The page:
To make sure your passwords aren’t opening up major
A few years ago, a city finance officer was contacted by
their local bank. Wire transfers in the amount of $90,000 were attempted from
the finance officer’s computer. Compromised by a virus, the computer was
remotely controlled by an outside party. Luckily, the local bank’s fraud
prevention efforts saved the city from any significant financial damage. But
imagine if the transactions had been allowed to complete. The city and the bank
would have had to spend money on legal action and recouping any financial loss.
That’s real money lost—all because of a simple computer virus.
To combat viruses, we recommend that you:
Last year, we heard about a city’s server that became
infected with a virus. That server contained the city’s financial system. The
city’s backup system failed to recover the data. The city had backed up the
data, but they did not test their backups. And what happened? They lost 13
months of financial records. To get that data back, their only recourse was to
hire contract labor to re-enter every transaction manually. Talk about a lot of
significant unplanned expenses!
With data backup, start by asking some important
Once you get a better sense of your data needs and
priorities, apply the following best practices.
Recent studies have shown that
To stay up on security updates, make sure your IT staff
or vendor ensures the following:
Don’t forget the old-fashioned way of stealing!
Protecting city data also involves protecting physical equipment. A stolen
backup drive or a disgruntled employee with a USB stick can be just as harmful to
your city as a hacked computer. To tighten up your physical security:
Last year, citizens trying to reach a particular city’s
website found nothing but advertisements on it. What happened? The website had
been hacked and all of the city’s content was replaced by ads. The hacker found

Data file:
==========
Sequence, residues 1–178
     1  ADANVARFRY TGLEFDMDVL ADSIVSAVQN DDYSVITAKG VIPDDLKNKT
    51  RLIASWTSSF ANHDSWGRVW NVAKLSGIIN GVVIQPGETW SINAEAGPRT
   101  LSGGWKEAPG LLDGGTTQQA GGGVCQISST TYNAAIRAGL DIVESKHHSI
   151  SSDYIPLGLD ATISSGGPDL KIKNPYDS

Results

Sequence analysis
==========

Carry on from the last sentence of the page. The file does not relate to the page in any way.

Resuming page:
a weak spot by infiltrating the city’s utility billing system through a hole in
the online bill pay software. If the problem lingered, a citizen going to the
city’s website, thinking it was a trusted source of information, could have
been infected with spyware or malware. That citizen’s private information may
have been stolen and the city would have been liable.
To ensure a problem like this never happens, make sure
Remember, cybercrimes affect all cities—not just the big
ones. Be proactive, ask questions, and stay informed. Use this post as a guide
to get you started, identify gaps, or check up on any doubts you have with your
IT staff or vendor.
If you want to talk more about cyber liability, please contact us.
Just when you’ve gotten used to the idea of shifting your servers and software applications to the cloud, you might hear about the option of moving your phone system there too. Many businesses and organizations still rely on landlines or maybe even a Voice over Internet Protocol (VoIP) system that may run on a server in your office or at a data center. Isn’t the phone something distinct from the rest of your data and software? Why would you move it into the cloud?
When VoIP came out many years ago, it primarily stunned a lot of people because it made them realize that phone information could be reduced to packets of data transmitted over the Internet. That meant you could treat your phone system the same way you treat a software application, and you used an Internet connection to communicate with other people instead of landline technology. But VoIP was software and usually required an onsite or data center-hosted server to run the application. With the cloud, you even remove the need for a server.
Despite this advance in technology, you might wonder about the practical reasons for moving your phone to the cloud. Here are some compelling reasons that hit home with the businesses and organizations we work with.
Cloud software makes it extremely easy to essentially carry your office phone with you everywhere. That’s impossible with a landline. With cloud phone software, you install a mobile app that connects to the software from anywhere. Access the mobile app, and then any call that comes into your office number rings your mobile phone. This helps businesses and organizations make it easier for employees to work remotely, keeping personal and professional phone data separate.
To talk about cloud phone software in more detail, please contact us.